The Race to Represent the Soul of Ireland

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Niall Carson / PA Wire / AP

Irish presidential hopeful Sean Gallagher speaks in Dublin on April 10, 2011

With days to go before Ireland votes on its next President, political novice Sean Gallagher is outside a supermarket in Ashbourne, northeast Ireland, where thousands of commuters are struggling with loans on homes that have lost half their value in just the past few years. The election's front-runner quickly and firmly shakes the hands of mothers, seniors and young people and listens to how the recession has hit them, asking the owner of a newly opened grocery store — a rare entity in this economy — if her shop has been busy.

The success of the 49-year-old entrepreneur and independent candidate's campaign has been a surprise — but it has not been the only one in this race. The Oct. 27 vote to replace the popular Mary McAleese as Ireland's head of state has seen the biggest and most diverse field of candidates ever, including four independents.

The role of Irish President is largely symbolic. But these days, with Ireland beaten down by debt and its international reputation stained by failure, there is more riding on this election than there has been in a long while. "It's a high-profile ambassadorial role but is a significant symbol of how Irish people perceive themselves and how they are perceived," says political analyst Noel Whelan.

The past two Presidents have breathed new life into the role — both by using the office's soft authority to set agendas and by personifying changes in Irish society. As the country's first female President, Mary Robinson embodied a shift away from the state's long-held social traditionalism and used the role to champion human rights, while as the first Ulster-born President, McAleese stood for a move away from the northern Troubles by connecting with Ulster Protestants and warmly welcoming Queen Elizabeth II in a historic visit earlier this year. Many of the current candidates promise to build on and continue those themes of social change and peace building, but voters in a country profoundly altered by economic realities may be hoping for a thoroughly different vision.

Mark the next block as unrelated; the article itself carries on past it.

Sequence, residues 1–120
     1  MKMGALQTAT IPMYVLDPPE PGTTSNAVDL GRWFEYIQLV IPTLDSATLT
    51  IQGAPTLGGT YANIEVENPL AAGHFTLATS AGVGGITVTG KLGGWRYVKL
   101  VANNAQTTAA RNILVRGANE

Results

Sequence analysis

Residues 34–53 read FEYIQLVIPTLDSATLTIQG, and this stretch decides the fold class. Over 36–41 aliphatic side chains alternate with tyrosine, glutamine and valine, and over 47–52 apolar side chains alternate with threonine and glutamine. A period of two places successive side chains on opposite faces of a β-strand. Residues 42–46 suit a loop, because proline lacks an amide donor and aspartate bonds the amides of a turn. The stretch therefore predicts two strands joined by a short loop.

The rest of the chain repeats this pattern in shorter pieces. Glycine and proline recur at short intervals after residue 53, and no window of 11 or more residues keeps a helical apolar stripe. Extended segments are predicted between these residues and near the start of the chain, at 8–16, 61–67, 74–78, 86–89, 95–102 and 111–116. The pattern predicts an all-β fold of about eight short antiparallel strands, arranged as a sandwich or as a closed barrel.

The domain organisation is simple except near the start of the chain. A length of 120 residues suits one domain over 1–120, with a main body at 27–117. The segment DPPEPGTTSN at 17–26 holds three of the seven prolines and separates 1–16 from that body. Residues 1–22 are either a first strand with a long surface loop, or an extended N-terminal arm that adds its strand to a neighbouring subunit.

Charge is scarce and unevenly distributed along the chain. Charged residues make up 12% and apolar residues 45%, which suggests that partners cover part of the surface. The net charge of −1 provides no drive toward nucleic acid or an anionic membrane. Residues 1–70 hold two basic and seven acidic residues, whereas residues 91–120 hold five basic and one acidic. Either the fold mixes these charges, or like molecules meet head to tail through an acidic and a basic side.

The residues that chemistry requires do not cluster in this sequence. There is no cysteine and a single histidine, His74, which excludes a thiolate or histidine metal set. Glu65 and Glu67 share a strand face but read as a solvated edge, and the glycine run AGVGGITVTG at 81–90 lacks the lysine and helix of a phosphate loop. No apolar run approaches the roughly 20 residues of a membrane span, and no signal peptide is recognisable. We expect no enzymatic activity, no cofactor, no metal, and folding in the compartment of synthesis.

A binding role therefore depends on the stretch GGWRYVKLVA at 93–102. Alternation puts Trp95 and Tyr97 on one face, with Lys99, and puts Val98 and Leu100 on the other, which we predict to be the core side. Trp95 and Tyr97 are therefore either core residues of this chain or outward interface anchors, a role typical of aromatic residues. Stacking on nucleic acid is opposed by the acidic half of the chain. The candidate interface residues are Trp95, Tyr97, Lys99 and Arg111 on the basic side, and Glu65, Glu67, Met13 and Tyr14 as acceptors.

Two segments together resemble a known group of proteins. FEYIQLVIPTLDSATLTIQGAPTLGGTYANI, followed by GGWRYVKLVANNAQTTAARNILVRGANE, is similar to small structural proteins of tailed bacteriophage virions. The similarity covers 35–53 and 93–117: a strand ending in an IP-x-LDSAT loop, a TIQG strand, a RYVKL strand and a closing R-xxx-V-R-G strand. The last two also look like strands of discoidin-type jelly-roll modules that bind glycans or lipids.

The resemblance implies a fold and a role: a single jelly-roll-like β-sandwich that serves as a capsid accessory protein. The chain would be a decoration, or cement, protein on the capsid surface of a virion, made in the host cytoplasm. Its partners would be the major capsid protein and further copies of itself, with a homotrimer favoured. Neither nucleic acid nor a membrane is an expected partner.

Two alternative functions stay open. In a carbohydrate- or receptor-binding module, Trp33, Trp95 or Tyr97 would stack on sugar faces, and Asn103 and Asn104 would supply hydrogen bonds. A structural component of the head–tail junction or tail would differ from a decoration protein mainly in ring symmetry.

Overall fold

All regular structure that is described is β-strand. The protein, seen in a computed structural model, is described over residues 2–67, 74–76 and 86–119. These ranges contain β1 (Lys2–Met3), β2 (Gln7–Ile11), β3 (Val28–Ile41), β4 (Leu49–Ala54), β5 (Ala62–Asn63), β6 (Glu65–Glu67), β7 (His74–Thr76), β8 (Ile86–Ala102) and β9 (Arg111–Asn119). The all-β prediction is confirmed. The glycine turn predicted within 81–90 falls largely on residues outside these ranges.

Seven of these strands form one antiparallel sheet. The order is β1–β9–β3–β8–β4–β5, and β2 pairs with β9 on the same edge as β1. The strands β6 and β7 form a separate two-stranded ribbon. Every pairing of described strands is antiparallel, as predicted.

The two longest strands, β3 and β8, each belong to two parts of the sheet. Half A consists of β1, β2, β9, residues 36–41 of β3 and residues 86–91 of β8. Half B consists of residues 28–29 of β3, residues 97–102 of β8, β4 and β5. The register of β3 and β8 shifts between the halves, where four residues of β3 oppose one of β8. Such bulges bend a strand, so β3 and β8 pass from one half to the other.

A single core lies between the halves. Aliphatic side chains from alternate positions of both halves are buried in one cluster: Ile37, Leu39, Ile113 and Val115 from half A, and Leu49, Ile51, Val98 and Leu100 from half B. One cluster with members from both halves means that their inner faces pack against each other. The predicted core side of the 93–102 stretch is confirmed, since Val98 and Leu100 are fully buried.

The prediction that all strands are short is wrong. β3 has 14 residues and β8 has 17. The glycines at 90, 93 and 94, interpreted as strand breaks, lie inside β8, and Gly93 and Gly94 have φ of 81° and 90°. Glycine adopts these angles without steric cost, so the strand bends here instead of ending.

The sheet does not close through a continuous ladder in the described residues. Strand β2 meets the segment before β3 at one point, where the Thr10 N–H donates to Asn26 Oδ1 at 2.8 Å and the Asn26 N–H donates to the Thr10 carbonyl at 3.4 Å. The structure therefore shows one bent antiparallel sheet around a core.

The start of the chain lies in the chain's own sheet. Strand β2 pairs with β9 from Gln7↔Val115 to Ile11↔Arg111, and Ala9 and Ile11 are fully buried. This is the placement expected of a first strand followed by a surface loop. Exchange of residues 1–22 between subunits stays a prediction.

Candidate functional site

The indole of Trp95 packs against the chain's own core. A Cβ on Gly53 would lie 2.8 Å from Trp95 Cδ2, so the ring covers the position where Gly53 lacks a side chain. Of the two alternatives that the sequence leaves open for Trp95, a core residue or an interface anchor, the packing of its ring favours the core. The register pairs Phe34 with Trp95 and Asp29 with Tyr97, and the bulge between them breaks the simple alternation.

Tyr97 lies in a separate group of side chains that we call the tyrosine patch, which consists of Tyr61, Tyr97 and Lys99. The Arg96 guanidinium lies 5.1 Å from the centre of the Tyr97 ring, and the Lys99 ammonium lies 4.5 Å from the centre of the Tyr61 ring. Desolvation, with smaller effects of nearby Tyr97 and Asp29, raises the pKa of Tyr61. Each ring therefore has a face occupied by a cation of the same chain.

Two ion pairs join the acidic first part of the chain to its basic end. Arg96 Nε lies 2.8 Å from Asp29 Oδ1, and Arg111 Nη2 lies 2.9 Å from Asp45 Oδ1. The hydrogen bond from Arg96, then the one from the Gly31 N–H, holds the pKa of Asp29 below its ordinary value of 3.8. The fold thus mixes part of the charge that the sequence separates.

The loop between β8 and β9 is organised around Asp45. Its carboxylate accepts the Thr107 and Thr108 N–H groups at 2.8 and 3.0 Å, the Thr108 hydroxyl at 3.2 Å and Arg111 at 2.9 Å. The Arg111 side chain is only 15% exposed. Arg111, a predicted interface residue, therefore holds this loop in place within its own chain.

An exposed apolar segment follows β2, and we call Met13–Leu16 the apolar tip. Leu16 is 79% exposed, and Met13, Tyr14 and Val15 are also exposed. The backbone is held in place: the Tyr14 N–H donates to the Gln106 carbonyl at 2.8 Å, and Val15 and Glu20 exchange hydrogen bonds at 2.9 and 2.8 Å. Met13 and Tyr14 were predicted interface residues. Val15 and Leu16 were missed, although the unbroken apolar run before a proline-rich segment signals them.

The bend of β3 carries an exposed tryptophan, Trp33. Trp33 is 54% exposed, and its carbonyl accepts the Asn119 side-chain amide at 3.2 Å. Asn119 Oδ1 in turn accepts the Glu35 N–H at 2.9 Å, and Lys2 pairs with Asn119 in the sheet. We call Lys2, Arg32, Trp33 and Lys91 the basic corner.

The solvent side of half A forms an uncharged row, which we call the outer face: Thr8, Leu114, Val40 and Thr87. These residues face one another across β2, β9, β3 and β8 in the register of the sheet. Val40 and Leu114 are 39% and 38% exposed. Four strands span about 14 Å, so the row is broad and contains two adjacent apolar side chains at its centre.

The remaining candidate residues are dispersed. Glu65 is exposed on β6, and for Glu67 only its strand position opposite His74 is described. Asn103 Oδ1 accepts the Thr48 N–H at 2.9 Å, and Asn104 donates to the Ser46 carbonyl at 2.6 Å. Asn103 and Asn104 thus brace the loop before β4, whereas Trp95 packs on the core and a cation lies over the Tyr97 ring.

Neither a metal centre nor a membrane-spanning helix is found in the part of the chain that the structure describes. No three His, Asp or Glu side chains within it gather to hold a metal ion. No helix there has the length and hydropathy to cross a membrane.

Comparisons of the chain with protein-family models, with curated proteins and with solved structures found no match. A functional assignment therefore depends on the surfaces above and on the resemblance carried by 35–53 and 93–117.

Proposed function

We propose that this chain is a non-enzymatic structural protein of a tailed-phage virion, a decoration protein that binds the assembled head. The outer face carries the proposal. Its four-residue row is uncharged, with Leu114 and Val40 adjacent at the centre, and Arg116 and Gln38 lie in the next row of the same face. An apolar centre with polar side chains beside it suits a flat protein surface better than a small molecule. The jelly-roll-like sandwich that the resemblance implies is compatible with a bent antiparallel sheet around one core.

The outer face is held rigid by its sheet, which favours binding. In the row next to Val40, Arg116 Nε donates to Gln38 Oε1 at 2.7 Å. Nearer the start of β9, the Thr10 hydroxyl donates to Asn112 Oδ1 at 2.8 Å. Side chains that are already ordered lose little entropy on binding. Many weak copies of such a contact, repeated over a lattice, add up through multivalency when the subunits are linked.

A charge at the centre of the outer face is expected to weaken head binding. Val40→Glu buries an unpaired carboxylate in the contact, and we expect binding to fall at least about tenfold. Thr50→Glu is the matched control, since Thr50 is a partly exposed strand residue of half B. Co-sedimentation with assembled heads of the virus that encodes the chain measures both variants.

The next President will have to fix a reputation left in tatters by a financial meltdown and the low morale from a humiliating E.U.-IMF bailout and 14% unemployment. Ireland's economy has been through dramatic highs and lows since the last presidential election in 1997. It's gone through rapid economic growth, from becoming one of the wealthiest countries in Europe with near full employment in 2005 to experiencing a sharp recession since 2008 when the property bubble burst and banks had to be rescued, culminating in a $118 billion bailout for the state and a 15% drop in GDP in the period.

The anger that the public expressed in February's national elections, when the Fianna Fail party (which had been in power for 14 years) was voted out for ruining the economy, may re-emerge to favor nonmainstream candidates this time — especially since the newly elected government coalition of Labour and Fine Gael has failed to turn things around and is set to announce a further $5 billion in austerity cuts the week after the vote.

Gallagher is already reaping the benefits of the public's ire toward the main parties. His upbeat campaign resonates with the recession-hit generation, and the latest polls have given him a commanding lead of 15 points. His celebrity status as an angel investor on a reality-TV show may have helped his campaign gather momentum, especially among the young. However, it's his consistent message of the need to fix unemployment and curb emigration that seems to have crossed social and age divides in a nation where the downturn has known few boundaries.

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